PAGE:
‘Pacifism’ via foreign protection

It seems Timothy Bedwell (Dec. 16, “American protection not needed“) and I agree that the U.S. military needs to leave Japan, but there are a few points I would like to clarify.

First, I never said that a guarantee of U.S. protection was necessary in order for Japan to remain a pacifist country. I simply pointed out that it is hypocritical for a country to claim itself to be “pacifist” while relying on a foreign military for protection.

Contrary to Bedwell’s assertion, the official mission of U.S. forces in Japan is to protect Japan. The text of the Treaty of Mutual Cooperation and Security between the United States and Japan makes that plainly clear.

Second, non-Japanese soldiers have been placed in harm’s way in order to protect Japanese citizens. When Self-Defense forces were deployed to Iraq in 2004, they were protected (in part) by Australian soldiers.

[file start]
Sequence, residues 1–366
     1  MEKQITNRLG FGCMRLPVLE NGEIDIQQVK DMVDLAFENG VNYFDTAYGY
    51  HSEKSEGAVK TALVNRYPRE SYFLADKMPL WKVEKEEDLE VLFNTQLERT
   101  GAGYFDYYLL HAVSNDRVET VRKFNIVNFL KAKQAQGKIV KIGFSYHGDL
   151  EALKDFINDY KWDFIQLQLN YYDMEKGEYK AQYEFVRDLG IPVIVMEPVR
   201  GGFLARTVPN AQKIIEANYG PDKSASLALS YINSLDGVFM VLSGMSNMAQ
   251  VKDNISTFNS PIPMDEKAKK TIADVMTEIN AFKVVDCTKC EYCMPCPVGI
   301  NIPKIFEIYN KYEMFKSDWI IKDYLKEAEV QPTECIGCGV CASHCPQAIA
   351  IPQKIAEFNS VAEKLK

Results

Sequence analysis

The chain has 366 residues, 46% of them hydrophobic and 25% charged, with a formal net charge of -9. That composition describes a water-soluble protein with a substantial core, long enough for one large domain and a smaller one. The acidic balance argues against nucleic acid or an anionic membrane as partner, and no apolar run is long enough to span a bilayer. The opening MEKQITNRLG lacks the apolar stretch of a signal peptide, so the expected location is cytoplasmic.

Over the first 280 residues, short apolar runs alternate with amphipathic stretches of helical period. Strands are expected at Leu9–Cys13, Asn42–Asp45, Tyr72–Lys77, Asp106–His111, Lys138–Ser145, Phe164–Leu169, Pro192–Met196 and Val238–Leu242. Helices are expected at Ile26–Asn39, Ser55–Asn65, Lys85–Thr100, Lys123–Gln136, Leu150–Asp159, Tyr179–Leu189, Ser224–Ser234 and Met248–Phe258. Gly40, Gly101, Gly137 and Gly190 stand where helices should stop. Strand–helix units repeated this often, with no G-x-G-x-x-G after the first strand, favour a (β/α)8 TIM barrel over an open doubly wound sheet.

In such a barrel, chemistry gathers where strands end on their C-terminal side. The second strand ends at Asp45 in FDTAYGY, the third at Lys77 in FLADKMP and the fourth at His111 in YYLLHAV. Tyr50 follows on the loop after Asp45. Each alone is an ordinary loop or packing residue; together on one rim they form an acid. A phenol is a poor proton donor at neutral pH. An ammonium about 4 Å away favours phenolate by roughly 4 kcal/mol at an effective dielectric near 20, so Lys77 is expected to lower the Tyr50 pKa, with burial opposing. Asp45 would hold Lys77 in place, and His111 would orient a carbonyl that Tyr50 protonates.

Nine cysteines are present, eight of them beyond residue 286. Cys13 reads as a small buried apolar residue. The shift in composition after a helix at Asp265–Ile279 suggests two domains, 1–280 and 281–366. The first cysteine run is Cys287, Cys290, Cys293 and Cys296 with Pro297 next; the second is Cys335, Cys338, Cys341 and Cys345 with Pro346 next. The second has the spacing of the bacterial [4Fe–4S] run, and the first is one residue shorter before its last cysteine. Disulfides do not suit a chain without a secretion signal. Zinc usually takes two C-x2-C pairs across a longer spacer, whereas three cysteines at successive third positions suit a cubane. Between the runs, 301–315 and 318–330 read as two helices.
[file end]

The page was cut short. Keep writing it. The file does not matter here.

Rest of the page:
To be fair, my original statement should have been worded more carefully: Most Japanese citizens are satisfied with the arrangement in which American soldiers would fight and die for Japanese citizens in the event of an attack on Japan.

Third, the fact that the U.S. is underwriting Japan’s security means that Japan does not bear the full cost of its own foreign policy. In the absence of a U.S. security guarantee, would Japan have nationalized the Senkaku islands? Bedwell should not take personal offense to an analogy that is apt not only for Japan but also for South Korea and Western Europe.

Self-Defense Forces or regular military, Article 9 (of the Constitution) or not — it is the Japanese who should decide on the military they want. The presence of U.S. troops makes debate on these topics impossible by skewing the relative costs and benefits.

joseph jaworski
taragi, kumamoto

The opinions expressed in this letter to the editor are the writer’s own and do not necessarily reflect the policies of The Japan Times.